Film Review: ‘Jaws’


Nearing the surface of most people’s top ten American movie lists would surely come Steven Spielberg’s monster hit Jaws (1975), adapted from the Oxfam-favourite novel by Peter Benchley. This week – following a world premiere at this year’s Cannes Film Festival – the quintessential shark tale returns to cinemas in a new shot-by-shot digital restoration which both looks and sounds wonderful, finally giving Spielberg-regular John Williams’ classic score the aesthetic richness and breadth it so thoroughly deserves.

One particular sound which audiences might not appreciate being quite so distinct and loud is that of Captain Quint (Robert Shaw) scraping his fingernails down the chalkboard in order to silence a chaotic town meeting, just one of numerous iconic Jaws  moments. In fact, every single scene feels more like a classic than ever before. Moments of exposition are rendered as exciting as scenes of shark-based action (see Matt Hooper’s (Richard Dreyfuss) “This was no boat accident” routine).

What’s more, Spielberg’s superb attention to detail unobtrusively sets up what we will later see in the film – Chief Brody (Rob Schneider) flicks through his shark book (pages reflected in his glasses), seeing a number of pictures which set up the end of the film. The occasional cinematic trick shot – the smash zoom borrowed from Hitchock’s Vertigo (1958) during the second Great White attack – serves the narrative rather than simply being showy for the sake of it.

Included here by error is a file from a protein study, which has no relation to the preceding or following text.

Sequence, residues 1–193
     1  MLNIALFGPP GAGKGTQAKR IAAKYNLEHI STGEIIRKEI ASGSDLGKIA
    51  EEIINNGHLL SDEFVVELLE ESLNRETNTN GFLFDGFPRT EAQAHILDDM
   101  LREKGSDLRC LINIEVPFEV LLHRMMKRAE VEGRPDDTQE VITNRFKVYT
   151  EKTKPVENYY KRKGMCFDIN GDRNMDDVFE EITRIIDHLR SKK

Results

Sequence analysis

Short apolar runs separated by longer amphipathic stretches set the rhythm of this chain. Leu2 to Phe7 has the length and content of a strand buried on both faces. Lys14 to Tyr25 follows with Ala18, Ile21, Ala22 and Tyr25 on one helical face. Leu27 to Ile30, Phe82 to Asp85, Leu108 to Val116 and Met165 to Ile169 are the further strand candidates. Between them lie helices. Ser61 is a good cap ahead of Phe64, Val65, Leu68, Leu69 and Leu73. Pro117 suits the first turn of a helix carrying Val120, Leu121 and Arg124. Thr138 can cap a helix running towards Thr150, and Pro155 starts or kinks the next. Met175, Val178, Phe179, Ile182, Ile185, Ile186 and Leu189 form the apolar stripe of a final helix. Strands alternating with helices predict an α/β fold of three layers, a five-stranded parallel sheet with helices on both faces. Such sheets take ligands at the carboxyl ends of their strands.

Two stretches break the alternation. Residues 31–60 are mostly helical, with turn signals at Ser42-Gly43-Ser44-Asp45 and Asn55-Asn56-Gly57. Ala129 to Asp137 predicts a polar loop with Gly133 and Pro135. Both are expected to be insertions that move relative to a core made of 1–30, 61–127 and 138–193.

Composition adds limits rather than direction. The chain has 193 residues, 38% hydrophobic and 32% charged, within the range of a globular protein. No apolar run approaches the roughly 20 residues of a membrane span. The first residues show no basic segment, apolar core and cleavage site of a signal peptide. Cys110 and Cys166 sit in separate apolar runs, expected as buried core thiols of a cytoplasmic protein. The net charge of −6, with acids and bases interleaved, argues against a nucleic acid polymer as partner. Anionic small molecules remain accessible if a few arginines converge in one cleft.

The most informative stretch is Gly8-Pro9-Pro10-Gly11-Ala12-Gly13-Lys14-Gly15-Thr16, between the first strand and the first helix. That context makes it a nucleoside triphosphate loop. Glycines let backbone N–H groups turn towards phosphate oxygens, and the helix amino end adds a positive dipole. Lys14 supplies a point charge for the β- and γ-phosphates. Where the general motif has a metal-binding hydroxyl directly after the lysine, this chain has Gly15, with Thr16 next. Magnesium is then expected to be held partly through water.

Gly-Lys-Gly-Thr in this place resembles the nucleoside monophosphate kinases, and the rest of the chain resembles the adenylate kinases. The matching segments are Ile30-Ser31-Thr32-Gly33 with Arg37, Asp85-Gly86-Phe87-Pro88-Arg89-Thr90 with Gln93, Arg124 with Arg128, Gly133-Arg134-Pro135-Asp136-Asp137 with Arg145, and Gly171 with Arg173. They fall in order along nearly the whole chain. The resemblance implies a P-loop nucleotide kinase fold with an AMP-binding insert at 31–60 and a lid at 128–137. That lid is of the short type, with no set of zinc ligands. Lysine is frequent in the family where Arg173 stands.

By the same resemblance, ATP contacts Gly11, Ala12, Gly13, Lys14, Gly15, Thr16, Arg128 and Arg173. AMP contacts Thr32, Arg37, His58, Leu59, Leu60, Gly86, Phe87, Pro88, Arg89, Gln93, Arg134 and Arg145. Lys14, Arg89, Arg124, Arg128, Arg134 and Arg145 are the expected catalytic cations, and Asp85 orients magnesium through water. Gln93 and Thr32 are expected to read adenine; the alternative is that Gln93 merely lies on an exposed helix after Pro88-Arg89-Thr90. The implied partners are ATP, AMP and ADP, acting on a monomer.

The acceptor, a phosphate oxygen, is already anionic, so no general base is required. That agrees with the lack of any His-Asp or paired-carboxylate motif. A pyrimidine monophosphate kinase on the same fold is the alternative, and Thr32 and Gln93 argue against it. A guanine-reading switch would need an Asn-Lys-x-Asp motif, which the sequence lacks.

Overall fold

Importantly, Spielberg instinctively knows exactly when to keep his camera still and allow what’s in front of it to take precedence. The scene where Mrs. Kitner (Lee Fierro), the young victim’s mother, confronts the chief on the dock is an example of a still but masterful composition. An uncomfortable witness is even caught and magnified in the lens of Brody’s glasses as we look over his shoulder at the terrible scene enfolding.

Like Hitchcock’s horror masterpiece Psycho (1960), Jaws is a film of two halves – with the second half full of intense, character-driven action set against a seascape of uncommon beauty. The titular shark – unseen at first and then perhaps seen a little too much (the models remain slightly clunky) – represents the one big fear that liberates us from all those little fears. If you’re in the water with a shark, you tend to stop worrying about your career, your family and your fear of the water.

In a year that has seen several unnecessary 3D reissues, Spielberg’s masterful Jaws is a film that deserves to be restored for the big screen. If your heart doesn’t beat frantically as you sit in the darkness hearing Williams’ initial, impending bass chords, then you frankly have no business being in a cinema.

John Bleasdale